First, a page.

The exit poll data contributed to the first bad call for Gore, although even that was buttressed by vote count data. (Oops.) The later call had nothing to do with exit polls -- all that data would have been supplanted in the projection model long since. It was influenced by the bad vote count numbers from Volusia County (and, I think, another county).


Mark Blumenthal:

Note: I posted thoughts on the comments from "FlyOnTheWall" here.


Collective Intellect has some interesting reporting with intelligence from the blogosphere:




The Manchester Union Leader editor? publisher? was just on MSNBC and looked glum about the call for extra ballots being all Dem. That bodes well for Romney getting more votes than McCain though he'll still get half of what Dems get.



s.b. wrote:

"Since Saturday, Obama's numbers have gone down consistently, except the Suffolk poll."

This is incorrect. The Zogby poll:

1/3 - 1/5 Clinton +1
1/4 - 1/6 Obama +10
1/5 - 1/7 Obama +13



I think his point was the fifth (Saturday) is still being included in tracking polls released on the 7th.

And that the numbers for the individual days show drops, not the rolling average.

Don't know if this is true on Zogby. But Zogby is still including Saturday numbers in the latest poll.


It is very likely that voter irregularities and vote fraud caused Pat Buchanan to lose the Arizona Primary (and thusly, the GOP nomination) in 1996... I am glad that this issue is still being addressed today, however one feels about it.

I am looking for the New Hampshire exit polls online... Is because of new regulations, that networks and other sources do not report exit poll data, on the day of the primary?

Thank you very much for this entry!



YEs JT and Zogby was dead wrong. I couldn't tell with zogby because of the way the days were rolled. Was he lower on the 4th or the 7th? You can't tell from how the poll stands even in your note. Each days tellies were on their site. Who they were polling is anyone's guess, because for a reputable firm they sure do look bad now. The trend was down from Sat.

Exit polls now show Clinton won by 40% to 36%. So the downwar dtrend shown by rasmussen was more correct eventhough chosing to include Saturday and not just go with their Sunday poll of Obama 1% up was wrong in this bounce situation, with a serious downward trend.

They made an error. They wanted obama to win and did not go with the better data from Sunday but included the bounce day.

Their loss as a polling firm in reputation, but their daily trend up 14, up 6, up 1, leads you exactly to down by 4% today for Obama.



Wow that was a really incoherent post.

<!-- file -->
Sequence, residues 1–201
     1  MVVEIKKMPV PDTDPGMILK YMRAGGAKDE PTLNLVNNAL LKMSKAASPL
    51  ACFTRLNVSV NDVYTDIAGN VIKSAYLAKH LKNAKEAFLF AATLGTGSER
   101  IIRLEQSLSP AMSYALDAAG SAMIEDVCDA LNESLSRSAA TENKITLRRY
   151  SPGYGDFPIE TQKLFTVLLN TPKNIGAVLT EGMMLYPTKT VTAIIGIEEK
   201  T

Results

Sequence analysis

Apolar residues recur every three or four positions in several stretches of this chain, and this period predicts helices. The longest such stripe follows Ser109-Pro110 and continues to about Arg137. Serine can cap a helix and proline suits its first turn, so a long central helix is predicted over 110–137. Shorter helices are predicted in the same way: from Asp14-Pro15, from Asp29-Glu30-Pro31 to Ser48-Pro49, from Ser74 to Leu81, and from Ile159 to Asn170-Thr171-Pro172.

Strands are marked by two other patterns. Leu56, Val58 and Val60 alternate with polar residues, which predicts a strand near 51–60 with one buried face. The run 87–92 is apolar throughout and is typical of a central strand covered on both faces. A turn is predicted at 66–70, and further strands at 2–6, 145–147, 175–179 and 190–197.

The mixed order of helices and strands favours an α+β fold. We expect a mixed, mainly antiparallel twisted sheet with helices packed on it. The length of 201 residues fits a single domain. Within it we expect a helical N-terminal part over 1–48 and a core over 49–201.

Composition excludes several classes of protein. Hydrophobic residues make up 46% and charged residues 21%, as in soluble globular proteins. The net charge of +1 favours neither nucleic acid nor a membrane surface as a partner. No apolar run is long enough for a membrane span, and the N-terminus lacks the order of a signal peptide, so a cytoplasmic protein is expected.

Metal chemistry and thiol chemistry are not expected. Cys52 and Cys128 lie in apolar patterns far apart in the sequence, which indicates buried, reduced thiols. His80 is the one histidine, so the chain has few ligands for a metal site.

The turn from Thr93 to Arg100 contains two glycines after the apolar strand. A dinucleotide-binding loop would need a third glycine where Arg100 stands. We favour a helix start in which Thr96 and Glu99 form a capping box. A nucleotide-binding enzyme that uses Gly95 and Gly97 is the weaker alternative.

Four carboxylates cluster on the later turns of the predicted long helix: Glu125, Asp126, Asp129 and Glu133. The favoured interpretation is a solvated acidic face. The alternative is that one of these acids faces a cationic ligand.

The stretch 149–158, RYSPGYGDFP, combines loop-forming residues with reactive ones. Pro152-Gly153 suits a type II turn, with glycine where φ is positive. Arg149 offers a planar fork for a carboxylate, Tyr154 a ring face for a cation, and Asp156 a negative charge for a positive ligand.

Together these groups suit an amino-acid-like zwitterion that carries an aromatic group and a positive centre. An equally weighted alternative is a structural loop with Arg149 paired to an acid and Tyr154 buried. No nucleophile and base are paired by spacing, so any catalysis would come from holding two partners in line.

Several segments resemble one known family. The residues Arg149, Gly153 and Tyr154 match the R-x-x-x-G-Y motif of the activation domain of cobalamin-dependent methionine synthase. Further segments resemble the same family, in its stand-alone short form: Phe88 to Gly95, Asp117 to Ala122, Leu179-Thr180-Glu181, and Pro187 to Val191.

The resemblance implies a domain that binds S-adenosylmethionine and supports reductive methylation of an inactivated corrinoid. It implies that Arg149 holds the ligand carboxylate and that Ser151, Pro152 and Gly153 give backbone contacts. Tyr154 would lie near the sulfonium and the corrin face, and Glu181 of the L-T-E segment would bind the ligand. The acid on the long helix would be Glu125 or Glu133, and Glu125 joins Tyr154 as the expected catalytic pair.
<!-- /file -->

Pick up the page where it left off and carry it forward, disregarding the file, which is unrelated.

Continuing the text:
I didn't find the Zogby individual daily numbers until later on their site. Yes they showed an upward trend for Obama when everyone else showed a downward trend. That's bad for a polster. Even if your numbers are wrong, you want to show you had the right trend.

I suspect they adjusted their sampling to reflect voter demographics in Iowa and a larger youth and indie turnout for Obama, again a poor choice for a polster.


Dr. Steven Freeman explains why the 2004 exit poll indicated massive vote fraud in favor of Bush during that election:

"Pollster" above wants us to believe it's due to sampling error or flaws in the poll taking process. Just keep saying that if you want to keep your job -- and you want to stay alive. The zionists who control this country have ways of getting rid of people who speak up.


Exit poles where used to check accuracy of elections. They have less than one percent margin of error. The fact that there was a twenty point difference from exit poles to actual vote count is more than a little funny. Of course, if no one makes a stink about it when Hillary wins, no one will be able to make a stink about it when Macane
wins in Novembrer. We are asleep at the wheel and moving fast.


Now that the New Hampshire primary is over, there are lingering questions about the integrity of the vote. Dennis Kucinich challenged the results. It would be nice to see the media doing its part by taking this seriously, and for a start, publishing the full exit polling results, and if they don't match the official outcome, conducting thorough investigations into why that might be. There are rumors that Obama actually won New Hampshire on the Democrat side, and that Ron Paul did significantly better than reported on the Republican side.


Now that the New Hampshire primary is over, there are lingering questions about the integrity of the vote. Dennis Kucinich challenged the results. It would be nice to see the media doing its part by taking this seriously, and for a start, publishing the full exit polling results, and if they don't match the official outcome, conducting thorough investigations into why that might be. There are rumors that Obama actually won New Hampshire on the Democrat side, and that Ron Paul did significantly better than reported on the Republican side.


Post a comment

Please be patient while your comment posts - sometimes it takes a minute or two. To check your comment, please wait 60 seconds and click your browser's refresh button. Note that comments with three or more hyperlinks will be held for approval.